Karina Beras and the Class of 2018 have at least one thing in common; it’s their first year at Swarthmore. Though, unlike the freshmen, Beras is beginning her first year as the Residential Communities Coordinator.
“My official job description includes supervising about half the Residential Assistants […] and seeing what we can and need to change about residential life”, said Beras. She also finds herself heavily involved in programs not found on her job description. Beras said, “I am on the advising leadership team for Paces Café, ML Breakfast, and Kappa Alpha Theta because of my connections to hospitality and being Greek during undergrad.”
Beras hails from Bronx, New York and her heritage goes back to the Dominican Republic. She finished her undergraduate work at Cornell University in 2010, where she received her Bachelor of Science on Hotel and Restaurant Administration. “When I was about half way through my junior year at Cornell, I realized there were a lot of things that happened not necessarily personal to me, but to my really good friends.” This led to Beras wondering what type of support system she had.
As a first-generation student, she was grateful to those who helped her. “I want to be that person for those who come after me,” said Beras. For her, the right job was here at Swarthmore. Beras tells me that she chose to come to Swarthmore because she wanted a liberal arts college environment. She explains that Swarthmore is closer to Cornell than Louisville. Additionally, she “wanted to be where people reminded her of herself.” According to Beras, the defining characteristic of Swatties is their ambition and that is what makes people here interesting.
After Cornell, she worked in catering before working in University of Louisville’s admissions office. She went on to University of Michigan to receive her Master’s in Higher Education Administration in 2013. Now, she works to become the voice for the students at Swarthmore.
Beras said, “In terms of my role working with the Resident Assistants […] it’s more about being someone who’s listening to them, advocating for them […] helping them navigate through whatever they are experiencing, and helping them put [their words] into what makes sense to others.” For her, the role of the Residential Communities Coordinator is a balancing game. “I’m finding myself in this sort of area where I’m balancing being a staff-member […] but also being an advocate for students,” said Beras.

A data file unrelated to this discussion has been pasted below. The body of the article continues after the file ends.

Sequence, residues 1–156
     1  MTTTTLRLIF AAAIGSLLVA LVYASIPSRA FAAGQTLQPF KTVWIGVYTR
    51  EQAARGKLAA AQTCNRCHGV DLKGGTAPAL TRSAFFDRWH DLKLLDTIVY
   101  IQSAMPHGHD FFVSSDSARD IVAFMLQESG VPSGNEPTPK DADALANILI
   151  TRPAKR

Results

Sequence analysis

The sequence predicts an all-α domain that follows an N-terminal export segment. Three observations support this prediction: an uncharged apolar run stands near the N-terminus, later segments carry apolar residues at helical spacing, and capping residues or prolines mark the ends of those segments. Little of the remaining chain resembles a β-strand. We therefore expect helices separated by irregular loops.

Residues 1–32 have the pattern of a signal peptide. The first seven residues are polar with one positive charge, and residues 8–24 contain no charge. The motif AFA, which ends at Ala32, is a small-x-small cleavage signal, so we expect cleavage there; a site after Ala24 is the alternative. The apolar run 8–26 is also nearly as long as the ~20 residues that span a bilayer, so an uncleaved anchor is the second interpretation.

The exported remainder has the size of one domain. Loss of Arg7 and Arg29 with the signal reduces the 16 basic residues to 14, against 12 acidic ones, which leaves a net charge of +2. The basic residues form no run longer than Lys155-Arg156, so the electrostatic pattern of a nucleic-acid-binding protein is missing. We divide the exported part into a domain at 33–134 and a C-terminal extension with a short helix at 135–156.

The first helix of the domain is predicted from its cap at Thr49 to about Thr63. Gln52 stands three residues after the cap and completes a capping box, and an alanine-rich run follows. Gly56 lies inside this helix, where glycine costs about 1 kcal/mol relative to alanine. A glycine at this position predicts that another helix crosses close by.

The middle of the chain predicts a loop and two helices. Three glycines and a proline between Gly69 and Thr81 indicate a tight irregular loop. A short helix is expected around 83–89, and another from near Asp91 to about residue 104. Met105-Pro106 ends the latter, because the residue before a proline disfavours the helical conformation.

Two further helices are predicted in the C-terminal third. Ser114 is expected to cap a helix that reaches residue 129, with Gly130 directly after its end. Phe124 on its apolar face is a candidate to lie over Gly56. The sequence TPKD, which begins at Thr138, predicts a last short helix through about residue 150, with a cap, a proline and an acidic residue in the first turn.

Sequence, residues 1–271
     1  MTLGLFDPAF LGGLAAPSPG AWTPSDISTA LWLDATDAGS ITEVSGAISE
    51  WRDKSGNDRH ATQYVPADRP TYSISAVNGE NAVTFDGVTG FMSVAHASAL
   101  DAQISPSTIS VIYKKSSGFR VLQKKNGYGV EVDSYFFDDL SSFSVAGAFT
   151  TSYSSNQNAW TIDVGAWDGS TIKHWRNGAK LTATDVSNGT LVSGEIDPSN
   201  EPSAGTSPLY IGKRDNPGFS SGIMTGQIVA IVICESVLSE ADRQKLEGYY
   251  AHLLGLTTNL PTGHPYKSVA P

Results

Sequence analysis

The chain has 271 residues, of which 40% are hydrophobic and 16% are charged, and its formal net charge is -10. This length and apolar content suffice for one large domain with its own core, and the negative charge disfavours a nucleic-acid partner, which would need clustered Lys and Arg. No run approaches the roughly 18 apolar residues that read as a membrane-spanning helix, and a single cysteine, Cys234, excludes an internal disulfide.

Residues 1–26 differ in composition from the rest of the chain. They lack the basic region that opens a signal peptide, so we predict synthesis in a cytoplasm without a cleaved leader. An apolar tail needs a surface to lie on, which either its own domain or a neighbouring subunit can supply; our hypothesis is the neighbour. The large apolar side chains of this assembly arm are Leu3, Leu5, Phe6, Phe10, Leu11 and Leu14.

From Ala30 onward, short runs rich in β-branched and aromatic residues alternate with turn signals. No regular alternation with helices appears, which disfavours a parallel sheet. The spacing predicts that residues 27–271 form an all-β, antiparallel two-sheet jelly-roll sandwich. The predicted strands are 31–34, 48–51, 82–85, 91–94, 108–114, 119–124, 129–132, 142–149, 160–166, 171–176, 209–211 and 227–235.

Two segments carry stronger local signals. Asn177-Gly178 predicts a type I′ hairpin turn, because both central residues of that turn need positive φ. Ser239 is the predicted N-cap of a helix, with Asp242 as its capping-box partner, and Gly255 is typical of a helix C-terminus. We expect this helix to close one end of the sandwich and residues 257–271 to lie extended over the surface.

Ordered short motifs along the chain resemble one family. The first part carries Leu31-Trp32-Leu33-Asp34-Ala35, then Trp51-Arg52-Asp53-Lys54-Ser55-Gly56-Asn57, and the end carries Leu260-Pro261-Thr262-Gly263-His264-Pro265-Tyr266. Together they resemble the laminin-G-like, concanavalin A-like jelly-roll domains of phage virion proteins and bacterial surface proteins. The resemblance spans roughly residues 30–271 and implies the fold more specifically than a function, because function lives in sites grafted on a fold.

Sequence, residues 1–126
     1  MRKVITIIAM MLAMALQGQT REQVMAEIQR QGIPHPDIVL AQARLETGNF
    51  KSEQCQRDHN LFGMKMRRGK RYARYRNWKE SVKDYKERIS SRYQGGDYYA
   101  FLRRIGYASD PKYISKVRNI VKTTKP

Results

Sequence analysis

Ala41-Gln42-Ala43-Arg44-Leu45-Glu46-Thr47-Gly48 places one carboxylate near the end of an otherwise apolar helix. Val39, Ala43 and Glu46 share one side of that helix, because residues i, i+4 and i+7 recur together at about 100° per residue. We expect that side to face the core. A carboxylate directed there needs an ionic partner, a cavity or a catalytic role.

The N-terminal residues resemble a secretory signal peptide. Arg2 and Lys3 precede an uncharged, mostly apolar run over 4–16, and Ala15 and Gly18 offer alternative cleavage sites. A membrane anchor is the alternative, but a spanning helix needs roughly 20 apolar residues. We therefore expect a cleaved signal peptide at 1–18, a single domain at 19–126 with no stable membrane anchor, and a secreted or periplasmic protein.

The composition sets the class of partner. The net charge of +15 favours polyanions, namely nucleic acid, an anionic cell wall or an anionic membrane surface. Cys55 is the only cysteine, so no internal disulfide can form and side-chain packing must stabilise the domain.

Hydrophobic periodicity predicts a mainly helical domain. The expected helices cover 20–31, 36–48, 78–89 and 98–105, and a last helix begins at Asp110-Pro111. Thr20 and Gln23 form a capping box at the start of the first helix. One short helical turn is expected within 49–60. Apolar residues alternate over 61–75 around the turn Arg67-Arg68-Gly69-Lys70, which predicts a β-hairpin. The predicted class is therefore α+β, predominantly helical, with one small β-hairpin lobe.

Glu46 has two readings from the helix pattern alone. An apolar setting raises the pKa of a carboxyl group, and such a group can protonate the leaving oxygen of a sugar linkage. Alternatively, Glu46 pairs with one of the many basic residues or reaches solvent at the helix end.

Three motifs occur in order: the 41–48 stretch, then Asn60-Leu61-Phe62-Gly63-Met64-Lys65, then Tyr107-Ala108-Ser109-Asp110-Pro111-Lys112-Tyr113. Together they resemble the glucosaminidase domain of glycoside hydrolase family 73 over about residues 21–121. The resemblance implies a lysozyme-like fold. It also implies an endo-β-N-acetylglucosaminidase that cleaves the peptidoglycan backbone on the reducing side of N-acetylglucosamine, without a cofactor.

She is particularly concerned with how the staff could gain the trust of the students while adhering to certain policies. Beras wishes for Swarthmore to support “open lines of communication between faculty, staff, and student[s] to the point where no one is walking around with the fear that something is going wrong or where they can’t trust each other.”
When asked about her favorite places on campus, Beras mentioned the McCabe library, Paces Café, and the Black Cultural Center. “I’ve been able to feel a sense of calmness and positivity and community more than any other place on campus. It was something that hit me the minute I walked into those places,” said Beras. She enjoys reading immensely and pointed to In the Time of the Butterflies by Julia Alvarez, a historical novel about the Mirabal sisters during the Trujillo dictatorship in the Dominican Republic.
Beras is striving to keep her balance between being an administrator and an advocate for the students. She said, “I’m finding myself in this sort of area where I’m balancing being a staff-member—particularly in the dean’s division—but also being an advocate for students.”
Featured image courtesy of Swarthmore Communications.
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